November 4, 2011
As noted in last week’s column, the United States Golf Association and Great Britain’s R & A recently published revisions to their common Rules of Golf.
The new edition goes into effect January 1, 2012 and is intended to last until 2015, when it will be time for another revision.
Some of the new rules changes are frankly a bit technical, but others are well worth discussing here.
For example, players sometimes absent-mindedly smooth over sand or soil in a bunker as they head toward their ball, on the parts of the bunker that do not affect their intended stance, swing, the line of play, or the area where the ball lies. Under the prior rules, mucking about like this before taking one’s stroke could lead to a loss of hole in match play or a two-stroke penalty in medal competition.
The revised Rule 13 is far more forgiving, as long as the player’s intentions were for the “sole purpose of caring for the course”.
That explanation should not be too hard to accept, if there is enough distance between the newly smoothed area and where the player’s ball lies in the bunker.
I can think of occasions when I’ve entered a greenside bunker that still has footprints in it from a prior golfer, and kept myself from grabbing a rake and cleaning it up while waiting for someone else to take their turn.
Now, I won’t have to wait until after my bunker shot to clean up the mess and leave the course in better shape than when I found it. As long as it has nothing to do with making my own sand shot easier, I can fix up the bunker without any worries.
Another revision reduces the chance that penalty strokes for a particular violation of the Rules won’t add up to the equivalent of “piling on” a golfer who screws up. There is a new Note 3 to Rule 27, which deals with making a stroke from the wrong place, and which normally calls for a two-stroke penalty.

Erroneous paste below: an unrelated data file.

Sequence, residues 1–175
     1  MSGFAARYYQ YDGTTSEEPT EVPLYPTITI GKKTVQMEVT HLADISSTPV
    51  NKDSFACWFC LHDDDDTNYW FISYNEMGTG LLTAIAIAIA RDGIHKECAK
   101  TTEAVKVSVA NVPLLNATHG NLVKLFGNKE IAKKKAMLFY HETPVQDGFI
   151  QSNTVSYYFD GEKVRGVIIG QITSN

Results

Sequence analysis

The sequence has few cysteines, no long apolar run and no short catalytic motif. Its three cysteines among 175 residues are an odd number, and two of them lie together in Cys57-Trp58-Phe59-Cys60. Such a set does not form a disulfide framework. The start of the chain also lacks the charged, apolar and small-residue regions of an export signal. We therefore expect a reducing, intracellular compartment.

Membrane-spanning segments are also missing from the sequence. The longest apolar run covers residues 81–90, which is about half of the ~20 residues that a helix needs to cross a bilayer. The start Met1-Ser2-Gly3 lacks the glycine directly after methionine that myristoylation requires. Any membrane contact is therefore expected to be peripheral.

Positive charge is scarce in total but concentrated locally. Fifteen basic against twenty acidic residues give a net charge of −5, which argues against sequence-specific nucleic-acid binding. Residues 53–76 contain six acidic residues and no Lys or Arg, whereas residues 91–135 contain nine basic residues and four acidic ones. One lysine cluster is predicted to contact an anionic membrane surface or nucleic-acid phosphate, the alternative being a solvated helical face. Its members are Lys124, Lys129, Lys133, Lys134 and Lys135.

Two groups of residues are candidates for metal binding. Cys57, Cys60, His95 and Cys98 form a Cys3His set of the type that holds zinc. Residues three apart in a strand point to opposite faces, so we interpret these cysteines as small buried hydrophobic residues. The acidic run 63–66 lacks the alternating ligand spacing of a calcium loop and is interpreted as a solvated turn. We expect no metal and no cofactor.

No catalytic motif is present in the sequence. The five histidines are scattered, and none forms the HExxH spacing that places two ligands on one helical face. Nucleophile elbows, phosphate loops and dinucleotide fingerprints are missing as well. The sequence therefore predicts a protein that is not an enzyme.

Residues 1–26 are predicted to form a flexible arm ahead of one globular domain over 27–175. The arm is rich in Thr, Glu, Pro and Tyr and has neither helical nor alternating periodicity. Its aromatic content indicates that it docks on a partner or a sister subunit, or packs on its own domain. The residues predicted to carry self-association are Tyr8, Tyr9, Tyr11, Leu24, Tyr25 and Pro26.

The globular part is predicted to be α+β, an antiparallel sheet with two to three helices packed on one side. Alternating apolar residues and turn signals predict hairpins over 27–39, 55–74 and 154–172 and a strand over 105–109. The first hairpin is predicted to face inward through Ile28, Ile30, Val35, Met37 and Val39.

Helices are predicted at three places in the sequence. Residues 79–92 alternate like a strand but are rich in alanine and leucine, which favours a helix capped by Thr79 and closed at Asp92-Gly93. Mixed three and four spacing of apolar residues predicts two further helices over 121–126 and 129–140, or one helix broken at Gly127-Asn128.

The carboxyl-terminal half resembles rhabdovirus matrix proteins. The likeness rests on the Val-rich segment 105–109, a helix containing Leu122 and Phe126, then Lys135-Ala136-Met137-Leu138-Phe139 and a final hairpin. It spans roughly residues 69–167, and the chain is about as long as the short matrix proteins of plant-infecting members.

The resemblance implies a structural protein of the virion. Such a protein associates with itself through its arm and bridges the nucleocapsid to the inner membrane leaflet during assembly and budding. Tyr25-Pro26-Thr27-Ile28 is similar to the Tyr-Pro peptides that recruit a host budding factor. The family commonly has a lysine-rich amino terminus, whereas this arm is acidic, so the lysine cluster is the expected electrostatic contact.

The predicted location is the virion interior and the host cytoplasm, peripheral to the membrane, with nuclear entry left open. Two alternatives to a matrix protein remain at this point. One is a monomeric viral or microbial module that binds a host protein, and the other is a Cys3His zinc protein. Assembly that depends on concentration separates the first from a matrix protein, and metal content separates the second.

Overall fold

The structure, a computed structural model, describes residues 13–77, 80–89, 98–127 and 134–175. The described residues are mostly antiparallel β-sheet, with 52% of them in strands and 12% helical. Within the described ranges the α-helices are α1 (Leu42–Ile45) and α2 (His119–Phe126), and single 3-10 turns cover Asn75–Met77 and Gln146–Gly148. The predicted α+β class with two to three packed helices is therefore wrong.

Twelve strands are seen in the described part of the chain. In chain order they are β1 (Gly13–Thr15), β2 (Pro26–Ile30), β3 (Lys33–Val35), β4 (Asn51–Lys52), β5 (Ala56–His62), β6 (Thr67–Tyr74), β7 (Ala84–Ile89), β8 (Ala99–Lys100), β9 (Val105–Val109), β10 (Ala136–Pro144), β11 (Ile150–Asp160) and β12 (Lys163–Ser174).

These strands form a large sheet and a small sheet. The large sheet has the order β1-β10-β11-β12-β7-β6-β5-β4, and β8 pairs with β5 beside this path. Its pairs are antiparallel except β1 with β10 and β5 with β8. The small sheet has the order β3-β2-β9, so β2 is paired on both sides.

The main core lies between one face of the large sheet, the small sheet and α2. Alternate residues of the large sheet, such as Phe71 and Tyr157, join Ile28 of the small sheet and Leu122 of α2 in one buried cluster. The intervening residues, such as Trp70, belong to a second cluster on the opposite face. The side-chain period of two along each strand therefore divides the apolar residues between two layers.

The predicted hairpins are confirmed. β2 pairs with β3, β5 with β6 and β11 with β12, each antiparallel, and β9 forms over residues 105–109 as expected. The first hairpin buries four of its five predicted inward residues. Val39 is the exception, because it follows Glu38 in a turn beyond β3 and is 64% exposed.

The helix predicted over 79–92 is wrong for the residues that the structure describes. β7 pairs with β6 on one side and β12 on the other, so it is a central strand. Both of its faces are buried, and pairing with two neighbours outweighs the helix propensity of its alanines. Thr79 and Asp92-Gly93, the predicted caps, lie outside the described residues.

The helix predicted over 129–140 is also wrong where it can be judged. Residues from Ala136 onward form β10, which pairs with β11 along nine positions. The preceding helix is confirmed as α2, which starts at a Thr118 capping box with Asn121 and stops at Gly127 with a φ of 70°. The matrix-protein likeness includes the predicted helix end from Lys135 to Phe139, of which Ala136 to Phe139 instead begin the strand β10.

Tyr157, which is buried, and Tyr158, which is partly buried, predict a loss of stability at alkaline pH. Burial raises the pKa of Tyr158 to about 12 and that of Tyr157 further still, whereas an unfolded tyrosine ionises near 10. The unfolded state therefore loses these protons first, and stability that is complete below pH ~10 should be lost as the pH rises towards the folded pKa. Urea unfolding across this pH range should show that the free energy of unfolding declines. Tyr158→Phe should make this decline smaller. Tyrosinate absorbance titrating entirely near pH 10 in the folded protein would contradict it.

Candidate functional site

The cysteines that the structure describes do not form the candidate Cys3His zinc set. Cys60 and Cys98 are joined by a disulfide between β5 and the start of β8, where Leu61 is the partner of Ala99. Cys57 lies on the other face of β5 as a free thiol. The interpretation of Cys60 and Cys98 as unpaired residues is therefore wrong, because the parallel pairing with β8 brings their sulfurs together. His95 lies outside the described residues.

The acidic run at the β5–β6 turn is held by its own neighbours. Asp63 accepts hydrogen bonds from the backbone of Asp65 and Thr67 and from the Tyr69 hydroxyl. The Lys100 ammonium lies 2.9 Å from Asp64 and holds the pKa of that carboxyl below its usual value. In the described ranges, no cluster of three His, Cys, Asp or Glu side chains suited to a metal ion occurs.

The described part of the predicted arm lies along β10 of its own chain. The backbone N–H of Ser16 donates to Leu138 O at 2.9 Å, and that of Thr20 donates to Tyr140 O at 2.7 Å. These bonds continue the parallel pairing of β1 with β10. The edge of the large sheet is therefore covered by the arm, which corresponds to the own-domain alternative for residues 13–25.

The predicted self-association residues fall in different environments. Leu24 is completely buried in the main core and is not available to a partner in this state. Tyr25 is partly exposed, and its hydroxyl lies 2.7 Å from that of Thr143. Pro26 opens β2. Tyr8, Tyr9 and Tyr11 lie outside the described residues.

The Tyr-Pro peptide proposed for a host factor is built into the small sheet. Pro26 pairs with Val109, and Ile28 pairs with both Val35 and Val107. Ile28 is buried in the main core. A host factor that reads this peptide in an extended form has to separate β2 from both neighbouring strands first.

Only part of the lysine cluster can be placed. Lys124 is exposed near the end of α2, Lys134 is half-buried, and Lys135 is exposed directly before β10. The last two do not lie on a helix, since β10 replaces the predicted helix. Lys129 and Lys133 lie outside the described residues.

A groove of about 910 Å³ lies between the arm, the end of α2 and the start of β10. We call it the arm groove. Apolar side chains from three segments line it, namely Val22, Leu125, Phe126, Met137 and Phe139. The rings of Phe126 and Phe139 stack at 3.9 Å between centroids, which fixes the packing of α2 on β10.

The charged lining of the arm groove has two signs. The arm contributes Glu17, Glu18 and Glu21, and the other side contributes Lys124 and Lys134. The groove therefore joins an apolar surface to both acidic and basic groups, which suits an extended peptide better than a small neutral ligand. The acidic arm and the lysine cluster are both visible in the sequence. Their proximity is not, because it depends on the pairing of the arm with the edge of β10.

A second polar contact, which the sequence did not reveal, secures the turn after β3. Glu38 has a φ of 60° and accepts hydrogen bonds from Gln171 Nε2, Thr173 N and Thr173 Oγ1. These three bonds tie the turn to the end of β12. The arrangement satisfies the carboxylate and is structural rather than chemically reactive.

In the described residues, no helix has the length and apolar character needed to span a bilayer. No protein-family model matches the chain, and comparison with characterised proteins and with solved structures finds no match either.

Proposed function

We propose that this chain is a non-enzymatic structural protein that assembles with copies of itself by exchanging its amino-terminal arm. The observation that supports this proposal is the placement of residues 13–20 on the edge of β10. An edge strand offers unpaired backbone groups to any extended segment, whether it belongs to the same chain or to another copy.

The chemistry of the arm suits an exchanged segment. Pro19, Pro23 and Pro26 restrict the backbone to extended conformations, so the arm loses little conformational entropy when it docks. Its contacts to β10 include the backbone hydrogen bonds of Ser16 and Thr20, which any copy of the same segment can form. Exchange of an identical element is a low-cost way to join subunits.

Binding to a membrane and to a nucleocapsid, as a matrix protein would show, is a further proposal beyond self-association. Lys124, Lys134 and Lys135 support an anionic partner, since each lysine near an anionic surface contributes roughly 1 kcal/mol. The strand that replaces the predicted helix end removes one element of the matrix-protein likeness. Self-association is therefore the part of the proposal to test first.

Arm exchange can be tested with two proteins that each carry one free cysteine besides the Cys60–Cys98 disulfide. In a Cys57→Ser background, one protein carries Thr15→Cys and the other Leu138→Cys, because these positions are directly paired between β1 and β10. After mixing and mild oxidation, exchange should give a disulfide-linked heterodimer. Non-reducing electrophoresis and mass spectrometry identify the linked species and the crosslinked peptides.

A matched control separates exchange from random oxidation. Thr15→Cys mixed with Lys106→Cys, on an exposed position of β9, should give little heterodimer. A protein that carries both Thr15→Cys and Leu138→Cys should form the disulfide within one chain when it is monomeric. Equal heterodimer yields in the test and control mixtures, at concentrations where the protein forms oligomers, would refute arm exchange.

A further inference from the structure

Under the new note’s provisions, there are no additional penalties for this error, even if the reason for playing from the wrong spot is based on another error, such as substituting a ball when it is not permitted. Similarly, once the two strokes for the Rule 27 violation are assessed, there are no additional penalty strokes for dropping a ball when it was supposed to be placed, or placing a ball when it should have been dropped. The same penalty limitation also applies if the golfer dropped the ball the wrong way.
I assume one reason for the relative mercy granted by this Rule change is to keep folks focused on finishing the round, instead of bringing a calculator to the course to tote up the score.
A brand new Appendix IV to the Rules deals with the increasingly ubiquitous distance measuring devices, such as Sky Caddies, Golf Buddies, or other rangefinders.
The Amendment makes clear that a Local Rule is required in order to permit the use of these devices during a stipulated round, typically in competition. On the other hand, the Rules folks insist that the devices must only be used to measure distance.
Even if the digital tool can also give you the slope between you and the hole, the wind speed and direction, and the temperature and humidity index, none of that data is to be provided during the round by that instrument. If your device has these features, they must be disengaged or otherwise switched off during the round.
That’s a bit of a relief. There are far too many amateur golfers who suffer from paralysis by analysis, who needlessly slow down a round of golf. I also doubt that most golfers can really play for the difference between a 150-yard shot at 75 degrees, into a quartering wind at 6 miles per hour, and the same shot when it’s five degrees warmer.
If they can, I want to see them on Tour.